1. Stop Yelling. Stop interrupting. Stop Talking Over Each Other: This is not Jerry Springer, its serious business. People’s retirement and investments are at stake. Please treat it that way.
2. Bring us People We Don’t Have Access to. What various FinTV channels do really well is when they bring us long, thoughtful interviews with the likes of Warren Buffett, WIlliam Ackman, David Einhorn, and others. People we wouldn’t ordinarily have access to. Example: This morning, CNBC had on James Rickard. More of this please.
3. S - L - O - W D - O - W - N
4. Risk: All traders must appreciate the potential downside of trades. So too, must FinTV. Explain stop losses. Understand Risk/Reward. Recognize there are periods when Buy & Hold is a jumbo loser.
5. Lose the Octobox. Fire whoever came up with the Decabox. ‘Nuff said.
6. Separate the Signal from the Noise. Understand that most of the day-to-day action is simply noise. Look at a long term chart, you can barely see 9187 or 9/11. If those major events get lost in the long term trend, what does the intraday jags, kinks and reversals mean? Very little. Recognize that not every data release, slice of news, or rumor is at all significant. Stop treating them as if they were.
7. Fact Check: An awful lot of things on air get stated with authority and confidence. Much of them are little more than junk or pop myths. Why is it that the more dubious a proposition is, the greater the confidence the speaker seems to muster? Consider fact checking as much of the statements that are made on air as possible, and making frequent corrections.
8. Accountability is important: I am astounded at some of the money losing hacks that are various shows again and again. These are the “articulate incompetants” to use Bennett Goodspeed’’s phrase. Why not keep track of the records of guests — and let the viewers know how their past few calls have been. Are they Perma-bulls or bears? Are their stock picks awful? Are they reliable money makers? If not, let us know. (Of course, the better question is, if not, why even have them on?)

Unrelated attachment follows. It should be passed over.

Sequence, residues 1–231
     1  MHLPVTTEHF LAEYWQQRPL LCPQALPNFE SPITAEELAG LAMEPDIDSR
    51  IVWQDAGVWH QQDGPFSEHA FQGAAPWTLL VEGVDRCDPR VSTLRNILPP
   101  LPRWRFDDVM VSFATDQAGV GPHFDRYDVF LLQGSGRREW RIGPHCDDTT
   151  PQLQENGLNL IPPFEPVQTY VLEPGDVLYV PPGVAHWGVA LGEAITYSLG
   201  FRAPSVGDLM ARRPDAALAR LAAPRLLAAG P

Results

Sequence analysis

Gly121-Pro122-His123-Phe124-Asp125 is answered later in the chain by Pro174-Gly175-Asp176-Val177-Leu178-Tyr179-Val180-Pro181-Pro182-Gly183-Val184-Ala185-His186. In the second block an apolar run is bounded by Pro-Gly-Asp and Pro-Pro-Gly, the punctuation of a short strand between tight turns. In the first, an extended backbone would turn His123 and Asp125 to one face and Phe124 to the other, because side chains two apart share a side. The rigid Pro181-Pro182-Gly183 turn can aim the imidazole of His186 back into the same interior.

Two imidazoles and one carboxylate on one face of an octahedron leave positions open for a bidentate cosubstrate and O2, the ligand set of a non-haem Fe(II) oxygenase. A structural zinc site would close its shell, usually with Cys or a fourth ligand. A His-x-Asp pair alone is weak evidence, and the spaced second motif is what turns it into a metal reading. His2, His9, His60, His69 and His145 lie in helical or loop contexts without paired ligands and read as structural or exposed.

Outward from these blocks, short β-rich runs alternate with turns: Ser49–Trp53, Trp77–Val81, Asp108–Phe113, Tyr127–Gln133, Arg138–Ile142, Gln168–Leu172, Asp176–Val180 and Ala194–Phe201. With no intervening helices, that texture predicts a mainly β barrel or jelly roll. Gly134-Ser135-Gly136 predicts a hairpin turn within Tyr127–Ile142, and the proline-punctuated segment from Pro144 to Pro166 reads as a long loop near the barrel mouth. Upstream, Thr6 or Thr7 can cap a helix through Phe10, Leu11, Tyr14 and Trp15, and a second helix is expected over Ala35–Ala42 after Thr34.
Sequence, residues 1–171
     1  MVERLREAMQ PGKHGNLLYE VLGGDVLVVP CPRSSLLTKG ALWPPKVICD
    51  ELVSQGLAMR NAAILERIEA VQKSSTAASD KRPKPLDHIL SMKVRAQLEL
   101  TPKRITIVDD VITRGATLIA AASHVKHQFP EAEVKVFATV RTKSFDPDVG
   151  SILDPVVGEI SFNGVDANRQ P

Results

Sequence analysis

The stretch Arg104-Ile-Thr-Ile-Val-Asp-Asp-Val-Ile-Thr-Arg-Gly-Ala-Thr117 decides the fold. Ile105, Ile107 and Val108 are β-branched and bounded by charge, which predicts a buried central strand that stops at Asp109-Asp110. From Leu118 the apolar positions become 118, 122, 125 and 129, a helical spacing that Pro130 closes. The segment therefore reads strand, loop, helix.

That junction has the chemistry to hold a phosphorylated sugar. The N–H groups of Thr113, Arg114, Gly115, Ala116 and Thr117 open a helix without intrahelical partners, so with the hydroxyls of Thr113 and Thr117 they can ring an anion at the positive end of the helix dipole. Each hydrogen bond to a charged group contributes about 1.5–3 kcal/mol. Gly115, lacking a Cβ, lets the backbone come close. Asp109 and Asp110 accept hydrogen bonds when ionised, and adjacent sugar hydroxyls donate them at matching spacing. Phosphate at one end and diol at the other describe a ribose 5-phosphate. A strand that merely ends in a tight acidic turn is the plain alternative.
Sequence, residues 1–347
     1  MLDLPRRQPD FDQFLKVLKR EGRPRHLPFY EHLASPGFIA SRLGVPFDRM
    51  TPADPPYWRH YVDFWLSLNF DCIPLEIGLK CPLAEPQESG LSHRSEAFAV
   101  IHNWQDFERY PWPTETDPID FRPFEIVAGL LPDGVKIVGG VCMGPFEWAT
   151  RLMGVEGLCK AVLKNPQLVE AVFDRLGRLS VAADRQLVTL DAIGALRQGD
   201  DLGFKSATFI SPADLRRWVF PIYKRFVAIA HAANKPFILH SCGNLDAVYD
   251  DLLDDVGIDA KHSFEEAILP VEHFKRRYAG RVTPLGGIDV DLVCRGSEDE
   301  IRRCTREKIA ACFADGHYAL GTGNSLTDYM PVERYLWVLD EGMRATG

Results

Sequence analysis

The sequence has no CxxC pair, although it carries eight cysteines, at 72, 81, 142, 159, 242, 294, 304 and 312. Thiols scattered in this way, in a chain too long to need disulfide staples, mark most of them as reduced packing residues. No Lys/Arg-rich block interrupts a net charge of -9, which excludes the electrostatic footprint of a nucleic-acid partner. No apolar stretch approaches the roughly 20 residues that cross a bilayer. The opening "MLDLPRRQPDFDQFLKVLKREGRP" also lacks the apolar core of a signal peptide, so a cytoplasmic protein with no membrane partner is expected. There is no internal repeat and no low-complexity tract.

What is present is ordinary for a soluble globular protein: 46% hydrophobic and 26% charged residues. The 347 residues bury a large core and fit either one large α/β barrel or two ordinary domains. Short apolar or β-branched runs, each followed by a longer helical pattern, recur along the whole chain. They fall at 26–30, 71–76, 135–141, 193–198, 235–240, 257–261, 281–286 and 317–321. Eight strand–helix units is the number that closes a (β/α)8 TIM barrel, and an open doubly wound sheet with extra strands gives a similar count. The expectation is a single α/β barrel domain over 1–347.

9. Bring Back Louis Rukeyser: Not the man, but rather, his style. Wall $treet Week — Rukeyser hosted it from 1970 to 2005 — was plain-spoken, thoughtful and accessible. Quiet, contemplative, discussions, with intelligent market participants, revealing helpful information. The investing public would appreciate something of that sort — again.
10. Sound FX: What is with all the bizarre sound effects every time a screen changes? Its financial news, not a video game. Kill ‘em.
11. Embed your video (on your own website or YouTube) instead of using WMP. At long last, thank you.
12. Investigative Pieces: David Faber seems to have a monopoly on deep, long thoughtful analyses. Be they on Wal-Mart, the credit crisis, whatever, his long format work is a highlight of CNBC. More of these, please.
13. Most stock picks are losers. That’s normal, but the audience does not realize this. A big part of the challenge is informing the viewer that finding the biog winners is a low probability, high outcome event. As in a baseball, a 350 hitter is a star. Explain this to your audience.
14. Stop the Bull/Bear Debate: This is a vast over-simplification of the market, and often does not serve the audience well. There are nuances and variables that get lost when you reduce everything to black and white.
15. Partisanship: Leave your personal politics at home. Viewers don’t care what most of you think.
16. Respect the Audience: We are adults. Treat us that way.
Monday, June 8, 2009
Ritholtz of fixing Financial TV
I probably shouldn't steal from Barry Ritholtz again after using his excellent time line of the financial crisis last week. He appears on a lot of financial TV shows, and today he has a great list of how to fix financial TV news. I think a lot of it would be a good outline as to how to fix news in general. Can we get this guy in charge of CNBC? I particularly like #1!
Posted by Glenn Locke, The Tall Thin Guy at 1:26 PM